On rechargeable batteries, the terms “min” and “typ” are widely used.
Because battery capacity is slightly inaccurate, manufacturers cannot specify the precise power and instead write two numbers, one for the minimum (min) capacity and the other for the nominal capacity (typ).
Indicators for the min & typ battery capacity
Let’s get started studying battery indications if you’re interested.
The terms “minimum” and “normal” in the context of a mobile phone refer to the charge at 95 per cent and 100 per cent, respectively.
According to the BMS/charging-safety, when a mobile phone is charged, according to the BMS/charging-safety, it first reaches a minimal, than usual, which takes a long time.
The nominal capacity is indicated by the capacity written on the smartphone batteries.
If a phone’s battery capacity is 4000mAh, for example, this is the standard capacity.
No manufacturer, however, can confidently state the capacity of their batteries due to the minor inaccuracy involved with battery capacities.
As a result, manufacturers set a minimum capacity, such as 3900mAh, to ensure that the battery capacity is not below that level.
The min voltage value is the safest voltage level for discharging a battery.
Remember that if the voltage falls below the prescribed minimum voltage, the battery may be destroyed.
The battery may be damaged if the voltage is lower than the minimum value.
The rated voltage is the voltage that a battery or gadget requires to work correctly, as determined by the manufacturer.
For example, you may have observed the words “Input: 100–250 VAC” printed on the label of a mobile phone charger.
This is the voltage at which the phone charger is intended to function.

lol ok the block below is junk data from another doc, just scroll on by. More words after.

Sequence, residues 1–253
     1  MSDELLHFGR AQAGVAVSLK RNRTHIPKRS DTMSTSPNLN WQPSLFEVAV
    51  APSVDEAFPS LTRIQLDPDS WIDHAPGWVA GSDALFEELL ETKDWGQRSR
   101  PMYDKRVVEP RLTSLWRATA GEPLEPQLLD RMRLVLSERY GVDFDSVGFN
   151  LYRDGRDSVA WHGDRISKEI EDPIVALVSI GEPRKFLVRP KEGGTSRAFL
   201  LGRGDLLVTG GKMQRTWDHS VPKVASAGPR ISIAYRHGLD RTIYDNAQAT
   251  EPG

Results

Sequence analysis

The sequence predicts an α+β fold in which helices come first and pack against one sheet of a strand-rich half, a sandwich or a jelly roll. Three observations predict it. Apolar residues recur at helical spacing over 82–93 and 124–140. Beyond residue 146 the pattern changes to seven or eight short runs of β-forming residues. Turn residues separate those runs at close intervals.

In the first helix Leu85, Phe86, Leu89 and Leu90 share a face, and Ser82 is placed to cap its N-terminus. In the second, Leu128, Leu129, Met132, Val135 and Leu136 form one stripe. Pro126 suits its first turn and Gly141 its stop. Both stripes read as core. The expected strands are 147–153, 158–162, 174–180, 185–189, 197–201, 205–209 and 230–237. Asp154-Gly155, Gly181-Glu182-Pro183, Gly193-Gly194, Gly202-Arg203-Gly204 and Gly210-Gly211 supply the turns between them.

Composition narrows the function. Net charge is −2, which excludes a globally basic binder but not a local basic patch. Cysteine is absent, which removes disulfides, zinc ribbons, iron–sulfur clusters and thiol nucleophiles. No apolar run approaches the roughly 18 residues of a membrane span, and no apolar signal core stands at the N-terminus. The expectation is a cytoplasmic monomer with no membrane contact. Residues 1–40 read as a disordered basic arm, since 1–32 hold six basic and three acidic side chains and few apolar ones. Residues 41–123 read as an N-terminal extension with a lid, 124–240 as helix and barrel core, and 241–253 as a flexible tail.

This is the maximum voltage a battery may be charged to.
The difference between rated and actual capacity. What is the reason for this?
The voltage of lithium-ion batteries, which are utilised in products like power banks, is 3.7V.
On the other hand, USB output ports offer 5V, as stated on the package or on the power bank itself.
Voltage variations result in capacity changes; for example, switching a 15000mAh power bank to 5V reduces its capacity to 11100mAh; and vice versa.
Furthermore, voltage conversion generates heat and wastes energy, reducing the battery’s capacity.
The effectiveness of conversion varies depending on the product and brand.
Certain brands make mention of a product’s conversion efficiency, while others do not.
Depending on the product, the proportion could be anything from 2% and 10%.
The formula for calculating actual capacity is as follows:
Actual capacity = 3.7V x Advertised capacity x Efficiency (in decimal) / 5V Actual capacity = 3.7V x Advertised capacity x Efficiency (in decimal)
See the article Why is there a variation between actual and rated battery capacity? for additional information.
Why don’t manufacturers disclose the actual output of a power bank?
Because of the market’s intense competition, producers attempt to attract customers by labelling their items with larger capacities.
The second reason is that they do not offer statistics on conversion efficiency rates and other metrics, making it easier to compete with companies with higher conversion rates.